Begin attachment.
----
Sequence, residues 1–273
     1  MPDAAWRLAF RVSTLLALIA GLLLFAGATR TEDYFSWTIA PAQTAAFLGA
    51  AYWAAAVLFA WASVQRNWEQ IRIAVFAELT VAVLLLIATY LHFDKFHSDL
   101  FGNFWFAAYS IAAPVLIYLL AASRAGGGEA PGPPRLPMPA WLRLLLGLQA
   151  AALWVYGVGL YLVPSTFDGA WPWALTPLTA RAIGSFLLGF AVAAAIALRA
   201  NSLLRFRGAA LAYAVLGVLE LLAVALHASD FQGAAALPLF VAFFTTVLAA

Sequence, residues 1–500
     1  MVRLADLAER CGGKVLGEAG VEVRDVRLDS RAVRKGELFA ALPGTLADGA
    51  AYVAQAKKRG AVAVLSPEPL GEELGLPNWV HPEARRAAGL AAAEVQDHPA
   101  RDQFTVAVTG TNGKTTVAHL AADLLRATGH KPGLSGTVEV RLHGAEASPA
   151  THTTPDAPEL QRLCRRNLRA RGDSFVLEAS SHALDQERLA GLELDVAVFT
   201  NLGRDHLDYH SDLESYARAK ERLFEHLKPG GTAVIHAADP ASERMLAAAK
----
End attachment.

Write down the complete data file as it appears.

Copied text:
Sequence, residues 1–273
     1  MPDAAWRLAF RVSTLLALIA GLLLFAGATR TEDYFSWTIA PAQTAAFLGA
    51  AYWAAAVLFA WASVQRNWEQ IRIAVFAELT VAVLLLIATY LHFDKFHSDL
   101  FGNFWFAAYS IAAPVLIYLL AASRAGGGEA PGPPRLPMPA WLRLLLGLQA
   151  AALWVYGVGL YLVPSTFDGA WPWALTPLTA RAIGSFLLGF AVAAAIALRA
   201  NSLLRFRGAA LAYAVLGVLE LLAVALHASD FQGAAALPLF VAFFTTVLAA

Sequence, residues 1–500
     1  MVRLADLAER CGGKVLGEAG VEVRDVRLDS RAVRKGELFA ALPGTLADGA
    51  AYVAQAKKRG AVAVLSPEPL GEELGLPNWV HPEARRAAGL AAAEVQDHPA
   101  RDQFTVAVTG TNGKTTVAHL AADLLRATGH KPGLSGTVEV RLHGAEASPA
   151  THTTPDAPEL QRLCRRNLRA RGDSFVLEAS SHALDQERLA GLELDVAVFT
   201  NLGRDHLDYH SDLESYARAK ERLFEHLKPG GTAVIHAADP ASERMLAAAK